You can define stress by the bodies response to anything that causes it to move out of homeostasis.
Homeostasis is pretty much your bodies happy place.
Types of stressors include:
1. Environmental stress (Heat & cold)
2. Physiological stress (Intense exercise)
3. Energetic stress (Calorie restriction)
4.Psychological stress (money & work).
Stress isn't always negative.
The way in which stress is created determines whether it has a positive or negative response on the body.
Exercises stress is an example of positive stress.
When the stress is short-lived, the body has time to recover and is stimulated to grow stronger from that stress.
It’s only when too much stress occurs for an extended period of time that the body doesn’t have a chance to recover and it breaks down.
Think constant levels of work-related stress, financial stress and even prolonged calorie restriction (dieting for too long). This is negative stress.
Whilst there are different types of stressors on the body they all add up to the overall stress and cause the same general physiological and hormonal response.
The primary hormone relevant to stress is CORTISOL.
And just like the types of stressors on the body and the way they are created, cortisol can too be positive or negative.
Short term stress and short pulses of cortisol can be beneficial whereas chronically elevated cortisol caused by long term stress is not.
Short pulses of cortisol help the body adapt to stress over time, chronically elevated levels of cortisol can have a hugely negative impact on the body.
Stress can be positive and negative, calorie restriction is a stressor.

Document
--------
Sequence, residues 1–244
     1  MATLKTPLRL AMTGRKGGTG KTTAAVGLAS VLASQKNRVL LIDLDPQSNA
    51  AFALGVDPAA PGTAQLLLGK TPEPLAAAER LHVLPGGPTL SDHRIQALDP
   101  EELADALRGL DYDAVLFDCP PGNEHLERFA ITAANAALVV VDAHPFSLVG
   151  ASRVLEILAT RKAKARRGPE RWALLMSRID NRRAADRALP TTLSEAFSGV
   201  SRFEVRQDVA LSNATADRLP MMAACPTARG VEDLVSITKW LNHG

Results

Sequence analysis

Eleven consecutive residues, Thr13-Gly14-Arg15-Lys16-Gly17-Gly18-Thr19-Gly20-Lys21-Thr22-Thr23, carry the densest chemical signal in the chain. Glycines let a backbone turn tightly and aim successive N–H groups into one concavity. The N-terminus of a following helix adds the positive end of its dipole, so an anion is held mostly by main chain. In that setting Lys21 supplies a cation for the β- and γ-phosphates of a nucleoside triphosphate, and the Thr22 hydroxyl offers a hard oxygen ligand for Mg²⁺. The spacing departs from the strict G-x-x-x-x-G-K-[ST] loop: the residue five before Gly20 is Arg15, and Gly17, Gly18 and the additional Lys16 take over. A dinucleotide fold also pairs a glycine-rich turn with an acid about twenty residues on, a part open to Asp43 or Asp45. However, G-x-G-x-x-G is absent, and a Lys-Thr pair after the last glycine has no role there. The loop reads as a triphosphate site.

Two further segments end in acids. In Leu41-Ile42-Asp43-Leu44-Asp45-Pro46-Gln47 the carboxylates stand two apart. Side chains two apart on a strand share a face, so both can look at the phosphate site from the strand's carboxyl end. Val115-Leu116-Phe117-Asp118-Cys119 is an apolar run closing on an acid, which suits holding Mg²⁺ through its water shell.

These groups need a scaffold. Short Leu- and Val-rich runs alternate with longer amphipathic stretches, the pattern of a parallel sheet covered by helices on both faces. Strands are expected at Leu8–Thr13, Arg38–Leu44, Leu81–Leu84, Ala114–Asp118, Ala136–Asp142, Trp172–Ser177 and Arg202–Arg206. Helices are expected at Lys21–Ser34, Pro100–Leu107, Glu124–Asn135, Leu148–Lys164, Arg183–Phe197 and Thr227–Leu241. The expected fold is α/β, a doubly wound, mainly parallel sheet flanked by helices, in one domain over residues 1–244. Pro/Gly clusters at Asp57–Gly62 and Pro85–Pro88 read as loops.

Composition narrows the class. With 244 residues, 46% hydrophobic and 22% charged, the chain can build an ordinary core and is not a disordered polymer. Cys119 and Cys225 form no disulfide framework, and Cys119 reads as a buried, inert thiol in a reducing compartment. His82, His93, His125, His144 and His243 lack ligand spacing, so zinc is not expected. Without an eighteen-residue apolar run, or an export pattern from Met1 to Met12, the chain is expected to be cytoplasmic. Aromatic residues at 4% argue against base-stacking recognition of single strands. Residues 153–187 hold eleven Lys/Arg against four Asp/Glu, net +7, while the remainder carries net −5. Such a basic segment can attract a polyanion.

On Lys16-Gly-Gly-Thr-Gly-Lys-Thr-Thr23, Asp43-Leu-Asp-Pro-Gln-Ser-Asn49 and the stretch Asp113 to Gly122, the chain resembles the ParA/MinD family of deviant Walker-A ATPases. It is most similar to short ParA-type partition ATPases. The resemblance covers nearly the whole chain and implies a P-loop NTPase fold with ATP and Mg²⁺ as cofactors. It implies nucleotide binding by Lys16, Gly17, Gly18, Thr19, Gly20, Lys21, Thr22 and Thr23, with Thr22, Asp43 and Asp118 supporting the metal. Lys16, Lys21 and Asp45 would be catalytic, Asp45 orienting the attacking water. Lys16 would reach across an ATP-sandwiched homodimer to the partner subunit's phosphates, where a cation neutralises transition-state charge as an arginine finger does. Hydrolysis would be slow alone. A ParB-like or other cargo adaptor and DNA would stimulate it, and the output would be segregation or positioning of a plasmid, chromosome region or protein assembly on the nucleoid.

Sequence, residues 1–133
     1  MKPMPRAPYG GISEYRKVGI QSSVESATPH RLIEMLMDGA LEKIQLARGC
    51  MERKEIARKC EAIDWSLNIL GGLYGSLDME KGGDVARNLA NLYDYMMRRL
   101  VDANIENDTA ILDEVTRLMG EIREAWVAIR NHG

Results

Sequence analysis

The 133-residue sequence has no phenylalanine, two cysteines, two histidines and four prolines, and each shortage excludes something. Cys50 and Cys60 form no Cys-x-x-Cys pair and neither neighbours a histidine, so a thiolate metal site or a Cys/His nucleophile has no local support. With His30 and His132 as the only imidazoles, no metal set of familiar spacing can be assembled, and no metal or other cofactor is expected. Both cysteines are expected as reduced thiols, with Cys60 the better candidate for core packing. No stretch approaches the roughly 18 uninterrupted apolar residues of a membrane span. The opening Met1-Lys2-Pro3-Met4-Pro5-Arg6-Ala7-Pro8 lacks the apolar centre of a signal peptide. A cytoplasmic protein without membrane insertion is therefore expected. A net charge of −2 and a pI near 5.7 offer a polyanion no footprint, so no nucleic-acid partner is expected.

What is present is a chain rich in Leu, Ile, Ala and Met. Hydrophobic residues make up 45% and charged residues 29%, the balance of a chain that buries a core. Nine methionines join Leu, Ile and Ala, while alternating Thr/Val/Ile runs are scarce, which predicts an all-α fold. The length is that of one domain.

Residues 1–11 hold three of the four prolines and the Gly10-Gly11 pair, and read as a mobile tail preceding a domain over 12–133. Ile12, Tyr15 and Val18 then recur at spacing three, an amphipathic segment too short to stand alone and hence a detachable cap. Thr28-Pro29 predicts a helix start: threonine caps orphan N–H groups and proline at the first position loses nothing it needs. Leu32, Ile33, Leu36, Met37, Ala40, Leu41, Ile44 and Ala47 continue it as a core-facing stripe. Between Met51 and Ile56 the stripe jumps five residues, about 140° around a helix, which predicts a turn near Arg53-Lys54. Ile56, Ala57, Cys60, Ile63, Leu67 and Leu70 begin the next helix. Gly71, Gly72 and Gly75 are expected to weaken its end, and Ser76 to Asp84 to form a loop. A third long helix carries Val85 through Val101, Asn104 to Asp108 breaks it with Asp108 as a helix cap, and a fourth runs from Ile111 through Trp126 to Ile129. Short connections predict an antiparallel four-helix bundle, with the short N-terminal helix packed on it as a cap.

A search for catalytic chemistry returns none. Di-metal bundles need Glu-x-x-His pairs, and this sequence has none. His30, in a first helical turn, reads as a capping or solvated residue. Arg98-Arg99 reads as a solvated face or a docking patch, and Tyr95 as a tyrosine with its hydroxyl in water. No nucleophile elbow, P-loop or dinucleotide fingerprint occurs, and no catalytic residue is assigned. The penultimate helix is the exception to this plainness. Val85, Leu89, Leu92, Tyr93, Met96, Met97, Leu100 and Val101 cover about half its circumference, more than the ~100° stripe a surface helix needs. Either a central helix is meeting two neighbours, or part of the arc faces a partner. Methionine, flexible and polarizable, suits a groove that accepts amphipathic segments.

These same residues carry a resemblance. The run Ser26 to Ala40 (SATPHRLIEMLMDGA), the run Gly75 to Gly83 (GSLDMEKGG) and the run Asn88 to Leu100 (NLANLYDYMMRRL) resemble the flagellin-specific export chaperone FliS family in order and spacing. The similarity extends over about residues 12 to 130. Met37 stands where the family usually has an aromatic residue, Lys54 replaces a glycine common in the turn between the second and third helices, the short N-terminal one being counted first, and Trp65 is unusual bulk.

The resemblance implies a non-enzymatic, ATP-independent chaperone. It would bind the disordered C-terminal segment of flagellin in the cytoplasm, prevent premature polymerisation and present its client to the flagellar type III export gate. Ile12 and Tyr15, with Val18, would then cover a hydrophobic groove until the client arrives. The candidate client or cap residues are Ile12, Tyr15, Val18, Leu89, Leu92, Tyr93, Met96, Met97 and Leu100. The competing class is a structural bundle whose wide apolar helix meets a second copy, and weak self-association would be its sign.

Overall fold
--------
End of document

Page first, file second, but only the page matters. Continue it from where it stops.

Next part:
So with dieting, get in and get out as soon as possible, allow the body time to adapt, grow and recover.
For life stressors, work, finances, sleep deprivation, work on strategies to minimise this.
Useful tools can be meditation, breathing techniques, (check out Tiger & The Monk)...
Walking, fresh air and vitamin D - all good for alleviating stress.
Set a nighttime routine and sleep hygiene - Sleep is one of the biggest things to impact stress, but is also the one thing people decide to give up to "fit more in"
Creating routines and habits will help you feel less overwhelmed and more in control.
There are numerous studies on sleep, stress and the impacts on metabolism.
To tackle your stress I would be first looking at your sleep.
Doing a little bit each day to set a good night time routine, like with anything new, it takes time to form those habits.
But it will have a positive domino effect on your life by just tackling this one thing.
Set a bedtime - keep it consistent and stick to it.
Avoid late screen time.
Set boundaries with your time and work.
Have the bedroom just for sleeping (not working)
Dim the lights, brush the teeth early and start to wind down hours before bed.
Keep a note pad by the bed to brain dump if you wake with an active mind.
A cool dark room is ideal.
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